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My dharma essay in response to Daniel’s challenge

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On the Midwestern Construction Workers thread I asked about buliding a common understanding of different practice traditions.  After listening to latest Daniel's podcast I now realise I should try to answer this question myself.  (Hi Daniel ! )

So here goes. To all contributors, if you have the time, I would be grateful for feedback on this tiny abbreviated dharma essay.  I am trying to get at the core of the dharma independent of the overlay of different traditions.  Can you please tell me whether it is intelligible, and what you think I have got right or wrong?  And I know I could be very wrong.  emoticon 


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1. The mind arises in response to events. Through ignorance, the mind falls into patterns of grasping and clinging that create suffering.  Ending suffering requires us to deconstruct (a) the gross ideas of mind and self, (b) the unthinking flailing reactions of our mind to its own symbolic formations, and (c) the more subtle processes that feed all this by overlaying symbolic concepts onto raw sense data.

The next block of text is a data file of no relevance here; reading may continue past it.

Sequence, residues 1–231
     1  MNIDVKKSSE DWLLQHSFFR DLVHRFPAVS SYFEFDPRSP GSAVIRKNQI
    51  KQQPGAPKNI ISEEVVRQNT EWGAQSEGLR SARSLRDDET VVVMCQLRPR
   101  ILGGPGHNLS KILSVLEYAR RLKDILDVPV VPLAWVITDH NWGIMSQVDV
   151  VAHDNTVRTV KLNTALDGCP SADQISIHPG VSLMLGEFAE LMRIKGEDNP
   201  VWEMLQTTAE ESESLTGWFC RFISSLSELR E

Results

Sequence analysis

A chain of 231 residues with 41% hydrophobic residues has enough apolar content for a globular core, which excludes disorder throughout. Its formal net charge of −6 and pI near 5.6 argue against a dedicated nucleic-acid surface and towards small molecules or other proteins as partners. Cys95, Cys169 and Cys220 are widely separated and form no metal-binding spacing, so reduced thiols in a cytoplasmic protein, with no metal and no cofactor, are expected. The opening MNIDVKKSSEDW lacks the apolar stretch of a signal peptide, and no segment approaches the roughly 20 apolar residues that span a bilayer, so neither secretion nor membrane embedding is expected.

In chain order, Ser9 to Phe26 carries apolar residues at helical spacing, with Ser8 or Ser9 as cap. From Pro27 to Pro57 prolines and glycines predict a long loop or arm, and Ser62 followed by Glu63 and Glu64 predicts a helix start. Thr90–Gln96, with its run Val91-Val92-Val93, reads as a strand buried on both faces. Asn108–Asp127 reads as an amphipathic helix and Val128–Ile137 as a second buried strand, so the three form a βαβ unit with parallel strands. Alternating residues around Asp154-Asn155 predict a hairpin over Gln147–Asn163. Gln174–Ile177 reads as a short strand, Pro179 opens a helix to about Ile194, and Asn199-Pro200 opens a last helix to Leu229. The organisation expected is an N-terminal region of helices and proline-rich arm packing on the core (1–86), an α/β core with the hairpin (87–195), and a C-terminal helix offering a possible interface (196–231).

2. To end suffering, we must first weaken our grossest mental flailings so that they don't disrupt the process of insight.  We must also build the strength and concentration required for the task. Right behavior, mindfulness, jhanas, metta, seclusion can all help here.  We may then adopt many different approaches, such as simple noting, close examination of sensations, kundalini yoga, deity yoga, deconstruction of the concept of mind, and many others.  Along the way we weaken our core suffering and we get many insights.  We also peel the scabs off our worst mental injuries so that they can heal properly; however, if we stop practice before that healing is complete, we suffer.

3. While insight and happiness build from the start of practice, a key demarcation point is Stream Entry.  This may be achieved in different ways, but in all cases the mind has an event that provides direct knowledge of its own non-existence, resulting in permanent mental changes.  Suffering is hugely reduced.  Suffering is not eliminated, as the mind may still grasp at the weakening sense of self, or at the desire for insight, and the mind may still react to painful emotions, particularly in cycles.  However, the suffering and angst that arose from the unthinking flailing reactions of our mind is cut off, or at least severely weakened.  Happiness and concentration are both much increased.